In this article I will demonstrate how to get started with TypeScript using the BITBOX scaffolding tool for Node.js. To enable TypeScript some minor modifications to the generated code are required, each shown in this article. All of the code used in this tutorial can be found on GitHub.
The goal for this article will be to show how to enable TypeScript types for bitbox. We will utilize the existing BITBOX scaffolding system to create a new project and then show how to make the required updates so that the types can be accessed during development.
Create a new project using bitbox new <project-name> --scaffold node which will leverage the existing BITBOX tooling to setup a new Node.js project directory with a package.json file and other template files.
Initiate TypeScript for the project by typing tsc --init within the project directory. This will generate a file called tsconfig.ts which will contain many configurable options for your TypeScript project. We’ll update the “libs” property to equal [“es2015”] as shown in the capture below. This will allow use of Promises (used heavily by BITBOX sdk) within our TypeScript code by including the ES2015 (aka., EcmaScript 6) library.
Add @types/node as a dependency to the package.json file as shown in the image below. Then run npm install.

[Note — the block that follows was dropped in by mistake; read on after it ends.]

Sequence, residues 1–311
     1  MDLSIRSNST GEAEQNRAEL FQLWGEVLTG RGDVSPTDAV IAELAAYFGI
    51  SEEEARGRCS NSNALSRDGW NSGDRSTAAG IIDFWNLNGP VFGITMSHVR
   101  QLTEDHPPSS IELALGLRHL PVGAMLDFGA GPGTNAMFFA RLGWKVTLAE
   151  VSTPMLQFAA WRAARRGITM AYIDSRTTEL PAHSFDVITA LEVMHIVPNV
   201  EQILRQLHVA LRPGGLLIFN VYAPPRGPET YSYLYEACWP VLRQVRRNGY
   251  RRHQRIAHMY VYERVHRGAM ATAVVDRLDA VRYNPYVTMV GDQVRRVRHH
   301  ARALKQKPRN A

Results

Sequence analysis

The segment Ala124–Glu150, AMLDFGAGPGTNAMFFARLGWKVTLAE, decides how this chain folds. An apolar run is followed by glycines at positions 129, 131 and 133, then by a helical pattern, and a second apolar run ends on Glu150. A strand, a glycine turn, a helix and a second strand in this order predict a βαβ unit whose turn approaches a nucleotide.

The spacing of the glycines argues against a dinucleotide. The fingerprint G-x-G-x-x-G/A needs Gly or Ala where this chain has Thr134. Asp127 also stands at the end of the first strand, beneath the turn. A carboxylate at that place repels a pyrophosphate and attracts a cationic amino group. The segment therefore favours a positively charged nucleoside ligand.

The import statements need to be updated for TypeScript to match the following:
Now we can access the BITBOX namespaces, methods, and properties through our IDE as illustrated in the following screen capture:
We can also see the expected inputs and outputs for each available method, as well as a strongly typed return type (i.e., Promise<AddressDetailsResult>). This AddressDetailsResult return type can imported into the project with it’s relevant properties and types readily available during development.
Since the details method can also return an array of address details, we cast with <AddressDetailsResult> so the IDE and compiler knows we are expecting a single AddressDetailsResult object. We can see all of the properties associated with this object when we go to use our new details variable.
Finally we compile the index.ts file using tsc index.ts --lib ‘es2015’ which generates index.js file within the same directory, then run the newly created index.js file to verify the code functions.
This post was written by James Cramer.